Sperm whale dies after becoming stranded on Hunstanton beach in Norfolk

The whale died at 11pm on Friday after rescue efforts to release it into deeper water failed

Alexandra Sims
Saturday 23 January 2016 15:02
A sperm whale died on Hunstanton beach after becoming stranded in shallow water
A sperm whale died on Hunstanton beach after becoming stranded in shallow water

A sperm whale has died after becoming stranded in shallow waters off the coast of west Norfolk.

Rescue efforts to release the whale, estimated to be up to 45ft long and weigh 30 tonnes, took place on Friday afternoon and lasted well into the evening.

Both the RNLI and staff from Hunstanton’s Sea Life Centre attempted to save the whale, even employing the RNLI’s hovercraft, however it was unable to be rescued and died at around 11pm on Friday, according to HM Coastguard.

The RNLI’s Geoff Needham said: “Sadly, as the tide was dropping away nothing more could be done that evening.

“The marine mammal experts continued to monitor the situation in the hope that the whale might be saved.”

Mr Needham said the whale “had several injuries and was bleeding” when found, however it is not clear whether this caused the whale to become stranded.

The mammal was one of a pod of five whales, believed to be sperm whales, which had come close to the beach at Hunstanton.

Despite the others in the group making their way back out to sea, the stranded whale was unable to reach deeper water and remained around 200 yards from the coast, according to the RNLI.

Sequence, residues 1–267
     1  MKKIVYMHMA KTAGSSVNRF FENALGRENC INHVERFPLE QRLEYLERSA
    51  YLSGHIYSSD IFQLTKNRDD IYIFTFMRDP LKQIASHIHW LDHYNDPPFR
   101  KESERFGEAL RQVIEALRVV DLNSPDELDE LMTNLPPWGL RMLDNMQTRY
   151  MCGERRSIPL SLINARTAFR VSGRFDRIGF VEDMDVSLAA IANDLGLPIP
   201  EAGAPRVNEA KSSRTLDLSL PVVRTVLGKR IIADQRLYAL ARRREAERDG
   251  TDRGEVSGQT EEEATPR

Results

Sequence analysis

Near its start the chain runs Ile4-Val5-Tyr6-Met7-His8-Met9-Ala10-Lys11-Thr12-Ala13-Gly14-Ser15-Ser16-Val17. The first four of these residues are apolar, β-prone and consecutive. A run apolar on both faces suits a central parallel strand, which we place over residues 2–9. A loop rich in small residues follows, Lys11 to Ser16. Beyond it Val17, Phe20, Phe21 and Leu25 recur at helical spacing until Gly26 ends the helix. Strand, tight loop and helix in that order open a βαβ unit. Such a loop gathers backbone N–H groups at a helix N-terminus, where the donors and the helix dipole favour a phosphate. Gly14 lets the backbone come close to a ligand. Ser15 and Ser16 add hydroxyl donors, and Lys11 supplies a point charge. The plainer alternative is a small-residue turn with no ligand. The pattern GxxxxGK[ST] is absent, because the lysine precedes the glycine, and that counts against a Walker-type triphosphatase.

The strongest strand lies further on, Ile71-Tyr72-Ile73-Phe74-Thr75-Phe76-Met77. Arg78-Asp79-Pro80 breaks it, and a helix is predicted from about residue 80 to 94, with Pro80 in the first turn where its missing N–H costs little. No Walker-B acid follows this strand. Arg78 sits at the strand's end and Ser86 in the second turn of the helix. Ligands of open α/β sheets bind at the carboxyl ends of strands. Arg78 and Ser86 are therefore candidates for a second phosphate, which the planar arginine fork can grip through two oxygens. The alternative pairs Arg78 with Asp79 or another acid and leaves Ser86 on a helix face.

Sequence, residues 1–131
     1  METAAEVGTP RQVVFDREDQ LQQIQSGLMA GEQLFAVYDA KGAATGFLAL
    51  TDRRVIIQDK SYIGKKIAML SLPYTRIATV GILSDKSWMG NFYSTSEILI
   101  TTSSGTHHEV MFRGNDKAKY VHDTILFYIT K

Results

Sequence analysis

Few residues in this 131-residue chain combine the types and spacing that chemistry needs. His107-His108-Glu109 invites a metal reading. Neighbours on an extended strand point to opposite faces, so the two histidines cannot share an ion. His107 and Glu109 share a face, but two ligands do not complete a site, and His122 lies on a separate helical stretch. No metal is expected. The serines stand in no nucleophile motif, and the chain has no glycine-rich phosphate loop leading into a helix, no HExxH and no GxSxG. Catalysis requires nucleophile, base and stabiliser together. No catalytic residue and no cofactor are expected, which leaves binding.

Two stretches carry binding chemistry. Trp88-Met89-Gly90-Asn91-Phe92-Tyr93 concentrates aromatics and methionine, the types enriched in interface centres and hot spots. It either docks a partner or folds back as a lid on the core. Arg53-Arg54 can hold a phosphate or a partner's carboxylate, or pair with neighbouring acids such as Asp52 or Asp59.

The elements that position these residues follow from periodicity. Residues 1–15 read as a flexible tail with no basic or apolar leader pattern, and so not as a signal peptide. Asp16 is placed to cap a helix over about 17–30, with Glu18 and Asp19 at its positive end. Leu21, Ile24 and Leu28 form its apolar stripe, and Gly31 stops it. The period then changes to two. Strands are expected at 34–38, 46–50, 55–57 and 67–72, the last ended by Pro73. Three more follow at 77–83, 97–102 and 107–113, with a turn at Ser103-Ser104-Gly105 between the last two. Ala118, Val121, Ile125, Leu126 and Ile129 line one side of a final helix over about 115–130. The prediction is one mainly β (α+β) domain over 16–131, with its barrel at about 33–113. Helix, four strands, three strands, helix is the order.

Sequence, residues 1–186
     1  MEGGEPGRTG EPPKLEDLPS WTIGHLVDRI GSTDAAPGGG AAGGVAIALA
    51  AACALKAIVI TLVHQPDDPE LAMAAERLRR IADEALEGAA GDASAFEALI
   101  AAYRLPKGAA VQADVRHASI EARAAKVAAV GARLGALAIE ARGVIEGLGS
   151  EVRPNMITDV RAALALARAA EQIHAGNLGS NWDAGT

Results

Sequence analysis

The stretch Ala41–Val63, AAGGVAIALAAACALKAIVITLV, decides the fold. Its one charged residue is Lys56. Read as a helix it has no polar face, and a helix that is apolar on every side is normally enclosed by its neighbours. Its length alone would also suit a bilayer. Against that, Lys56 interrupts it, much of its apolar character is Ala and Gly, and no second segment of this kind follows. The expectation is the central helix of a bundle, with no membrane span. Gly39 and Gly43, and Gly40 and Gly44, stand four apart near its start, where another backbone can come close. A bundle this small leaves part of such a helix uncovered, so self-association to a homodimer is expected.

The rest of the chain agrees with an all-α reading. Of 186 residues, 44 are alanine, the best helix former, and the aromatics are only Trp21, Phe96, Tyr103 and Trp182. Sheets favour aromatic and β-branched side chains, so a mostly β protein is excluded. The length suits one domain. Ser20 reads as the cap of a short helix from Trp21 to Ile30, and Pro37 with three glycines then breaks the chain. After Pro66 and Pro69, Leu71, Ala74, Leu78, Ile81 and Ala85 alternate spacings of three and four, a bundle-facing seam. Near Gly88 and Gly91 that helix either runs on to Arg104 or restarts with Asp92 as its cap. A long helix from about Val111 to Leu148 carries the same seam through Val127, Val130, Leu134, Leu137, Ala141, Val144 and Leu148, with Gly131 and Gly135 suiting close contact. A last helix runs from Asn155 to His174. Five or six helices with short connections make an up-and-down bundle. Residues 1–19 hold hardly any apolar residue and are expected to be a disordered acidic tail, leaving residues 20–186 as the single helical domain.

The remaining pod were last seen heading towards King's Lynn.

Mr Needham confirmed the whale is still washed up at the beach and is currently near by the Sheraton shipwreck, a trawler that washed up on the beach in the 1940s.

UK Coastguard, Richard Johnson, said: 'It was obviously a very distressing scene earlier and we would ask the public to stay away from the beach.

"We are due to cordon off the area and later today an officer from the Zoological Society of London will be inspecting the animal and carrying out tests.'

An investigation has been launched by the Cetacean Strandings Investigation Programme to discover why the whale became stranded on the beach, the BBC reports.

Scientists will conduct a post-mortem to try and discover how the whale died.

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